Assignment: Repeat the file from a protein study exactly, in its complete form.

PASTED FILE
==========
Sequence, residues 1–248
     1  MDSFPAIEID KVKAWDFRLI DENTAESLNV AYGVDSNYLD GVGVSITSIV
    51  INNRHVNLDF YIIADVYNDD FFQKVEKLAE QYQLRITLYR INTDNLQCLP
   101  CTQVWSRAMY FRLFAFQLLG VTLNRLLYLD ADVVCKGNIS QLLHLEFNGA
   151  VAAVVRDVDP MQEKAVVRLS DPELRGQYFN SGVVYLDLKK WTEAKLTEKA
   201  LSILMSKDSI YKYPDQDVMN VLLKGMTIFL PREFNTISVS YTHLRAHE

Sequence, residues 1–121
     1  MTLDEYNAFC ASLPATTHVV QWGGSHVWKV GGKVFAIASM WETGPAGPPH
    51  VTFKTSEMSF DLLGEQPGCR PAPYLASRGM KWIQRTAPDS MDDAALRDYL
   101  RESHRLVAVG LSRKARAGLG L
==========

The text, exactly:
Sequence, residues 1–248
     1  MDSFPAIEID KVKAWDFRLI DENTAESLNV AYGVDSNYLD GVGVSITSIV
    51  INNRHVNLDF YIIADVYNDD FFQKVEKLAE QYQLRITLYR INTDNLQCLP
   101  CTQVWSRAMY FRLFAFQLLG VTLNRLLYLD ADVVCKGNIS QLLHLEFNGA
   151  VAAVVRDVDP MQEKAVVRLS DPELRGQYFN SGVVYLDLKK WTEAKLTEKA
   201  LSILMSKDSI YKYPDQDVMN VLLKGMTIFL PREFNTISVS YTHLRAHE

Sequence, residues 1–121
     1  MTLDEYNAFC ASLPATTHVV QWGGSHVWKV GGKVFAIASM WETGPAGPPH
    51  VTFKTSEMSF DLLGEQPGCR PAPYLASRGM KWIQRTAPDS MDDAALRDYL
   101  RESHRLVAVG LSRKARAGLG L